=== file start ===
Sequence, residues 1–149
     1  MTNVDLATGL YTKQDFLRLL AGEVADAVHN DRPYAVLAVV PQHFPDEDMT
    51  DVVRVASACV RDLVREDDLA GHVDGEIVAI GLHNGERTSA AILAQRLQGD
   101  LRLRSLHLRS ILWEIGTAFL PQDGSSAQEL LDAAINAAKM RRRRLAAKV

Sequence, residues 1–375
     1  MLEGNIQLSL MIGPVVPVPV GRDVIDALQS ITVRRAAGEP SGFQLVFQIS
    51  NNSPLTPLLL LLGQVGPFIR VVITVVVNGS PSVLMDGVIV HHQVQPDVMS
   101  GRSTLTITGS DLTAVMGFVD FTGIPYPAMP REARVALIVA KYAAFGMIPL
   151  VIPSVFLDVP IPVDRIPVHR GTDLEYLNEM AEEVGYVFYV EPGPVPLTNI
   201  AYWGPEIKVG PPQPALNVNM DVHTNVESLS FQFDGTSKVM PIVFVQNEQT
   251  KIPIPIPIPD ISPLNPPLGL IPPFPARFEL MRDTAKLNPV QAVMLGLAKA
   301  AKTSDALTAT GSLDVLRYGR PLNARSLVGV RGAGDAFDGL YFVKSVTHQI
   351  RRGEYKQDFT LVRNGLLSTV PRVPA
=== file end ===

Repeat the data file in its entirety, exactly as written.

Sequence, residues 1–149
     1  MTNVDLATGL YTKQDFLRLL AGEVADAVHN DRPYAVLAVV PQHFPDEDMT
    51  DVVRVASACV RDLVREDDLA GHVDGEIVAI GLHNGERTSA AILAQRLQGD
   101  LRLRSLHLRS ILWEIGTAFL PQDGSSAQEL LDAAINAAKM RRRRLAAKV

Sequence, residues 1–375
     1  MLEGNIQLSL MIGPVVPVPV GRDVIDALQS ITVRRAAGEP SGFQLVFQIS
    51  NNSPLTPLLL LLGQVGPFIR VVITVVVNGS PSVLMDGVIV HHQVQPDVMS
   101  GRSTLTITGS DLTAVMGFVD FTGIPYPAMP REARVALIVA KYAAFGMIPL
   151  VIPSVFLDVP IPVDRIPVHR GTDLEYLNEM AEEVGYVFYV EPGPVPLTNI
   201  AYWGPEIKVG PPQPALNVNM DVHTNVESLS FQFDGTSKVM PIVFVQNEQT
   251  KIPIPIPIPD ISPLNPPLGL IPPFPARFEL MRDTAKLNPV QAVMLGLAKA
   301  AKTSDALTAT GSLDVLRYGR PLNARSLVGV RGAGDAFDGL YFVKSVTHQI
   351  RRGEYKQDFT LVRNGLLSTV PRVPA